Sunday, 21 February 2016

Iran sending Afghan nationals to fight in Syria

February 2016
During the past few months Iran has significantly increased its deployment of Afghan elements to Syria in support of Bashar Assad’s troops. In 2015 their numbers reached 8,000. Considering the fact that these Afghan nationals have no other motive to fight in Syria but to receive permission to live in Iran and receive their money, they are worn out and lose their fighting abilities very quickly. On the other hand, old weapons and lack of adequate training has led to an increasing number of casualties amongst these forces, having a negative impact on their spirits.

The “Fatemioun Division” consists of Afghan nationals commanded by an individual named Abu Haider from the city of Mashhad in northeast Iran. His deputy is name Alireza Fateh. Iran is also facing disputes at home as Revolutionary Guards members are refusing to fight in Syria. This has forced the regime to seek support from Afghan refugees.
Intelligence obtained from inside Iran’s Revolutionary Guards shows over 8,000 Afghan nationals sent by Tehran to Syria in 2015, meaning three times that of previous periods. With the war starting in Syria Iran deployed 5,000 elite IRGC troops to this country. However, the death of senior IRGC commanders in Syria in recent years have raised major discontent over the regime being pulled into the Syria quagmire. Therefore, Iran was forced to start using Afghan youths coming to Iran seeking to become refugees. However, Afghan nationals are now expressing their disappointment due to their high number of casualties in Syria and lack of military supplies. Iran has been using threats and enticing to have them follow its orders and be sent off to the inferno in Syria and fuel the mullahs’ war.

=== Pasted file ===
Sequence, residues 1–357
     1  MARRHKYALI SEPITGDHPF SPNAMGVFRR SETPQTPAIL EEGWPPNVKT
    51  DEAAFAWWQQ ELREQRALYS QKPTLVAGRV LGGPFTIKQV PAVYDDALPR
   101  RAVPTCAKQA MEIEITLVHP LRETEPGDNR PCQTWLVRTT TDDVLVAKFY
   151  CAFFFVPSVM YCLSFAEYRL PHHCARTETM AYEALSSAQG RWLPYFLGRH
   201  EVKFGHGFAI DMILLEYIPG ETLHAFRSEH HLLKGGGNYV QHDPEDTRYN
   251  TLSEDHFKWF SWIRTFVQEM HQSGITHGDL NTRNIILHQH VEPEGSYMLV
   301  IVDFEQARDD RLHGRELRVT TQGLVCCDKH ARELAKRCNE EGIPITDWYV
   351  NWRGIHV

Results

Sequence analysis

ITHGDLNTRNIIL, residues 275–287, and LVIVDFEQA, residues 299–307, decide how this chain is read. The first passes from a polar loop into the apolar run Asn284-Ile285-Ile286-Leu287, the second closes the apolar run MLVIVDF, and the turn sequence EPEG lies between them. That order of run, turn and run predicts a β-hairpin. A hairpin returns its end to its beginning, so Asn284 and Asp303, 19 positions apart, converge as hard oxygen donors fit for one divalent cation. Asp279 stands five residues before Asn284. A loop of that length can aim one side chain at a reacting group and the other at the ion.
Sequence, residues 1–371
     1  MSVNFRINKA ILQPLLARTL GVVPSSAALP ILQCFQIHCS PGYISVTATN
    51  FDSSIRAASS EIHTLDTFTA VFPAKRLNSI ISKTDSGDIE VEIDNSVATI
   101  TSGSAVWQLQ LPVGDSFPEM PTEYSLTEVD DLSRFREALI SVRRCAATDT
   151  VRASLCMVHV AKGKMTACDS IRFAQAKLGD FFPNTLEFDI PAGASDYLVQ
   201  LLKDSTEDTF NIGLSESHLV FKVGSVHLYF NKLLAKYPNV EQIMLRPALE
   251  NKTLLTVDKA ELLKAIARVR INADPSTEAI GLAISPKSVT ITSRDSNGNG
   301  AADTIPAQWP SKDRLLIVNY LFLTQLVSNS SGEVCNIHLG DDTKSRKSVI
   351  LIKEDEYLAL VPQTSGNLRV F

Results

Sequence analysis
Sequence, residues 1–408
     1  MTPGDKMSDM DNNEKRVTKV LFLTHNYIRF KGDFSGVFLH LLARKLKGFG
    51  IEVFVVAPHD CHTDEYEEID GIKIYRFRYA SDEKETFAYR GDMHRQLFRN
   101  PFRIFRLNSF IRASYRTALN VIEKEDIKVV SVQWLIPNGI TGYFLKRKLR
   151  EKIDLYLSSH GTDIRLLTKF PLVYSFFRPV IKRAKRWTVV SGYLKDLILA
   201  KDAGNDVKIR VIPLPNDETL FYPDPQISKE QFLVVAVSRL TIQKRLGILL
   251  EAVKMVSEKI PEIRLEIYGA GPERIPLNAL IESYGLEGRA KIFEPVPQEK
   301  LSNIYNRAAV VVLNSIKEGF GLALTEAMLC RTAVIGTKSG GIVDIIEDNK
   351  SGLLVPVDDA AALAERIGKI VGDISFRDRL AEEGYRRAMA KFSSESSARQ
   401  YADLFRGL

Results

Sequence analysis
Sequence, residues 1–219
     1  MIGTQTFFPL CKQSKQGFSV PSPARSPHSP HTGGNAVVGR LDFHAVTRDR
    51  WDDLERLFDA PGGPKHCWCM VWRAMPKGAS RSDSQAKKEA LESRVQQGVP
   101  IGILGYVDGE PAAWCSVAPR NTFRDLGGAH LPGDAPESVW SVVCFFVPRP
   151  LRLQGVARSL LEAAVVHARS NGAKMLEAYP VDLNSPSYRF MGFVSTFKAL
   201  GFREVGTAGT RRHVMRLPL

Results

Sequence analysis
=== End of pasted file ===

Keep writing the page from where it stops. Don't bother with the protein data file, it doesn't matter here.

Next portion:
The pressures imposed by the IRGC on Afghan nationals are threats of being thrown to prison for illegal entrance into Iran, amnesty for their prisoners, threats of being executed or amnesty from execution; all aimed to have these individuals agree to deploy to Syria. Moreover, Iran is taking advantage of a large number of Afghans as they lack any identification documents.
These recruited Afghans receive $500 as their wages. They are then dispatched in groups of up to 200 men with IRGC charter planes from Iran to Damascus International Airport. In Syria these groups are distributed to warfronts along with Assad forces.
The first cell of the Fatemioun Brigade was formed of IRGC-related Afghan elements and those who took part in the 8 year long Iran-Iraq War. Many of these individuals have currently become “IRGC and Quds Force commanders”. The Fatemioun Brigade is considered a branch of the Quds Force.

Organization of Fatemioun Brigade
The commander of this brigade is an IRGC member by the name of Haj’agha Mortazavi, or Alavi. He is a commander of Fort Ansar of the Quds Force in the city of Mashhad, northeast Iran. The commander of this brigade in Syria is an individual by the name of Abu Haider, who is also deputy commander of Fort Ansar in Iran. Other Fatemioun Brigade commanders in Syria include Seyed Ali Hosseini and Ali Akbar, who monitor all affairs related to the Afghans brigades. There are also a number of Quds Force from Tehran, including Imami Gholi and Mahmoud, who preside over the “Dedicated Institutions”.